Tea production in Sri Lanka is threatened during the peak season for exports as prices fall at auction due to a widespread strike amid political turmoil.
Striking Sri Lankan tea workers are in turmoil this week as competing labor organizations align with government leaders uncertain of their own future. Beginning Dec. 4 as many as 100,000 workers stood idle or gathered in protest for higher wages equal to $5.56 per day.
The result is a significant decline in production with losses estimated at $1.4 million per day, according to plantation owners. Sri Lanka considers winter the ideal time to harvest hill region teas. December begins the “Western Quality Season.” Tea harvested during this period brings the best prices of the year.
“The trade union actions has really messed up all our markets,” a spokesman for the planters told the Daily Financial Times. “The situation has gone from bad to worse,” he said, noting “we will end up missing the usual export target of $1.5 billion with less than 300 million kilograms this year. Whatever negotiation or correction we will make now, it will still impact all our future endeavors negatively.”
On Sunday three labor unions representing plantation workers including the Ceylon Workers Congress (CWC), the Lanka Jathika Estate Workers Union (LJEWU) and the Joint Plantation Trade Union Centre (JPTUC) met with the Employers Federation of Ceylon (EFC) on behalf of several hundred Regional Plantation Companies (RPCs) that manage farms and factories. On the agenda was a wage hike to SLRs600 ($3.34) per day, a 20 percent increase along with several incentives for those who wish to earn more.
EFC Plantation Services Group Chairman Roshan Rajadurai appealed for continued negotiations, explaining that incidents of violence will force management to vacate regional production centers where absenteeism has increased to 70 percent.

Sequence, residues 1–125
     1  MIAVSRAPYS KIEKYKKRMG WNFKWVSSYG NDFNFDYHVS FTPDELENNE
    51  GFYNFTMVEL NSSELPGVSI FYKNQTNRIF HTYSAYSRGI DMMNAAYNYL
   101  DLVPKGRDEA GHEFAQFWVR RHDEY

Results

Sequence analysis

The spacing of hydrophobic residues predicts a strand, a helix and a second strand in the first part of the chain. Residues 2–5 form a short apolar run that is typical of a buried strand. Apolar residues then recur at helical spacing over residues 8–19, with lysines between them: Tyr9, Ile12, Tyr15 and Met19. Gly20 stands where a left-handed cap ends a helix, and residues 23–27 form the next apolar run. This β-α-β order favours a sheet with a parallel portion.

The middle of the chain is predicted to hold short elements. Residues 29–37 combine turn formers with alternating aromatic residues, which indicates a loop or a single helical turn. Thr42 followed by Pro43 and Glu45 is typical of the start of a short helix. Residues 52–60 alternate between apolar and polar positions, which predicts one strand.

“What we are saying is that don’t mix politics with economics. Let the professional managers run the industry and the politicians can continue with politics,” Rajadurai urged. RPCs are losing SLRs250 million ($1.4 million) in revenue a day, a total that will reach SLRs6.25 billion ($36 million) by January.
“A collapse of the RPCs would adversely impact the Ceylon Tea brand, including the many non-union smallholders who grow 75 percent of the total tea,” he said.
The Planters’ Association of Ceylon (PA) calculates that an increase in the day rate combined with productivity incentives (along with a small share of prices to reward quality) would amount to SLRs 940 ($5.23) per day. The total is very close to what the unions are seeking. For those plucking 22 kilos the combination could equal SLRs1055 ($5.86) for a day’s work. Tea harvesters average 18 kilos per day, one of the least productive rates in the world. Pluckers in India and Africa are required to gather 42 kilos of leaves per day. Sri Lanka’s per capita income is $4,310 per year which is about $2.15 per hour calculated as an eight-hour day (2,000 hours annually). Rural Sri Lankans harvesting tea earn closer to $3 per day which is about $780 for 260 days work. Factory workers draw slightly higher pay.
Sri Lankan tea is some of the most-costly to harvest in the world averaging SLRs40.56 ($0.23) per kilogram. Currently 20 plantations are under state management and running at a loss. Therefore, it will be difficult to compensate workers an additional SLRs43 billion ($240 million), said Rajadurai.
Tea prices in recent days have slipped SLRs60 ($0.33) per kilo at the Colombo Auction, the world’s busiest tea trading floor. Last week 30 to 35 percent of the tea remained unsold as buyers in Japan, Russia, and the Middle East shift their attention to other suppliers. Sri Lanka produces 6 percent of the world’s tea but is the second most lucrative exporter by value. Export dollars are critical to the government which laments recent gains in market share by Kenya, India, and Indonesia.
Negotiations are complicated by the fact that labor unions function as political parties, working closely with the United National Party (UNP) and the Sri Lanka Freedom Party (SLFP). In October Sri Lanka’s sitting President Maithripala Sirisena dissolved Parliament, sacked Prime Minister Ranil Wickremesinghe (UNP) and installed Mahinda Rajapakse in his place. The CWC sided with Sirisena while the National Union of Workers, the Democratic Workers’ Congress and the Upcountry Peoples’ Front remained loyal to Wickremesinghe.
Last week the country’s supreme court declared the president’s actions unconstitutional and Rajapakse resigned as prime minister. The court ruled new elections could not be called for two years.
The Ceylon Workers Congress (CWC) attempted to halt the strike after meeting with President Sirisena last week but workers continue to press for a wage increase, according to the World Socialist website. Labor sentiment in the remaining unions appears to be shifting in support of a national strike restricted to the tea sector.